Silicon Valley is renowned for its culture of innovation. There a common, renegade approach is to send products out into the world while they’re still half-baked, in the belief that it’s better to improve them based on real-world use, rather than trying to perfect them behind closed doors.
And the Valley accepts, of course, that this approach means that they’ll sometimes stumble, that some products might blow up in their faces. But it’s willing to live with that, believing that it’s ultimately better--and that they’ll innovate faster--if they ask forgiveness rather than permission. For the most part, the “Apology Approach to Innovation” works. Even when companies stumble, the consequences have generally been minimal--a few waves of invective from users and the tech press.
But last week’s FTC settlement over Google Buzz could change that. Google Buzz was launched with the classic Apology Approach: the social network was fairly well--but not completely--thought through. And when users started railing against the fact that it de facto looped in all Gmail users, seemingly without their permission, the company simply apologized and implemented some tweaks.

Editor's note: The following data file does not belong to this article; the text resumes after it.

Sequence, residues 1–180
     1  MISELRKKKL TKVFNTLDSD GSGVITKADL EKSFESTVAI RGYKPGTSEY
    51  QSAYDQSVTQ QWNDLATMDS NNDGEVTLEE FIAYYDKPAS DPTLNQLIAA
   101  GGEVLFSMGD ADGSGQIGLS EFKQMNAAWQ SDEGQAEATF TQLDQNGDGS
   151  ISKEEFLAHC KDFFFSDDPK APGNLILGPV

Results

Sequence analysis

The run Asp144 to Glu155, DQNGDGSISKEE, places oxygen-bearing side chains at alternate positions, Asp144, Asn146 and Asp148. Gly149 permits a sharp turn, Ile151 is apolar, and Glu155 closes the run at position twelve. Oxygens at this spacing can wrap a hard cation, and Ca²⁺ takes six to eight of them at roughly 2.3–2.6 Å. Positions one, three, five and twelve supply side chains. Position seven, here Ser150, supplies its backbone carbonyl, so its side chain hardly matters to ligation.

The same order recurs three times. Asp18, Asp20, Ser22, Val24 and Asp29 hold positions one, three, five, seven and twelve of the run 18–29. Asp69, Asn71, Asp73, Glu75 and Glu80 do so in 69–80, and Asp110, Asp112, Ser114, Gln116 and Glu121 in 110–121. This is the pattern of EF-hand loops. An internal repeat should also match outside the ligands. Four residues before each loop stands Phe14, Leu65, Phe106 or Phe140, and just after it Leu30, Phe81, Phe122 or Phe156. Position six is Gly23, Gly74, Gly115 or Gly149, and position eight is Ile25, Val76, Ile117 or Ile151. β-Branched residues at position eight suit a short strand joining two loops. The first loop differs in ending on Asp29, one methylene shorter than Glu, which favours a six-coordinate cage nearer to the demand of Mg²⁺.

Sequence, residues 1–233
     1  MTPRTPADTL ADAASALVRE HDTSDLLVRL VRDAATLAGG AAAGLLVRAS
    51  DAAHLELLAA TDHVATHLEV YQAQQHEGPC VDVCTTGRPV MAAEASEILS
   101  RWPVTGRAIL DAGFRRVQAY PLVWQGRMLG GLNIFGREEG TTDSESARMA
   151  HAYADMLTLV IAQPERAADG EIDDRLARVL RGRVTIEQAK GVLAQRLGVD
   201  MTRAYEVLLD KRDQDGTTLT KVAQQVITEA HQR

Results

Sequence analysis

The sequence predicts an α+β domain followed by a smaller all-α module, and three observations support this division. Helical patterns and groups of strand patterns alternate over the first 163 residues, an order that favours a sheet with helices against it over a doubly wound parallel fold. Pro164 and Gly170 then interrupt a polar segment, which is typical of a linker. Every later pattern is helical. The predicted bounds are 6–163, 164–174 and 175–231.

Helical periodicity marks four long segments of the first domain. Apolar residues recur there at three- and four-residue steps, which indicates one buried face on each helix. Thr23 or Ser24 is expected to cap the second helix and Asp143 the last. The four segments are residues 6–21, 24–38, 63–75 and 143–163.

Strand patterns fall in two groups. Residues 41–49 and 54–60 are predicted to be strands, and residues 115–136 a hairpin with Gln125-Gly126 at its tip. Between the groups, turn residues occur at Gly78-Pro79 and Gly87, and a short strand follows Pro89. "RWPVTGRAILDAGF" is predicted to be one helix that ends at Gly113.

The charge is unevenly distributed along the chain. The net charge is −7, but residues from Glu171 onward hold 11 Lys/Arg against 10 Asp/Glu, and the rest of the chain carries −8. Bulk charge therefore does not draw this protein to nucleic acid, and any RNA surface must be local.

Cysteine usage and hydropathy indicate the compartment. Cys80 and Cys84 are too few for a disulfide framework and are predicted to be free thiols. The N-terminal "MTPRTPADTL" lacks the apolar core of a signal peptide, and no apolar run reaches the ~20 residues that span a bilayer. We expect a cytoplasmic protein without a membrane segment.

As we reported, the FTC’s settlement last week clearly said the do-first-fix-later approach wasn’t good enough, not when it comes to users' personal data. And as a result, for the first-time ever, the FTC took the unusual step, it said in its settlement, of requiring a company to implement a comprehensive privacy program—including 20 years’ worth of privacy audits.
Ever since Facebook launched the comparably flawed Beacon program four years ago, tech circles have been abuzz about the increasing precariousness of privacy in a socially networked world where more and more of our details lives are floating around online.
Tech companies have predictably chafed against the idea that new regulations may be in order to ensure that inadvertant privacy breaches don’t take place. And some leaders, like Facebook CEO Mark Zuckerberg, have gone further, asserting that that the Apology Approach is still the best tactic to use to innovate new offerings for the pervasively digital world in which we now live.
John Verdi, senior counsel at the Electronic Privacy Information Center, which brought some of the Buzz-related complaints to the FTC, however, says the settlement could be a wake up call for companies, prompting them to act more judiciously when tinkering with features that involve user data. “For far too long that [forgiveness-rather-than-permission] approach has been the tactic that a lot of companies have taken regrading privacy,” Verdi tells Fast Company. The settlement, he says, will force companies to take privacy considerations more seriously.
“No one at a company producing banking software would say, ‘We’ll roll out the new software first and figure out the security issues later,’” Verdi says. “This settlement reminds companies that when they roll out products that have a privacy impact, the risks that are attendant to those rollouts need to be considered just as responsibly as the risks that are attendant to computer security.”
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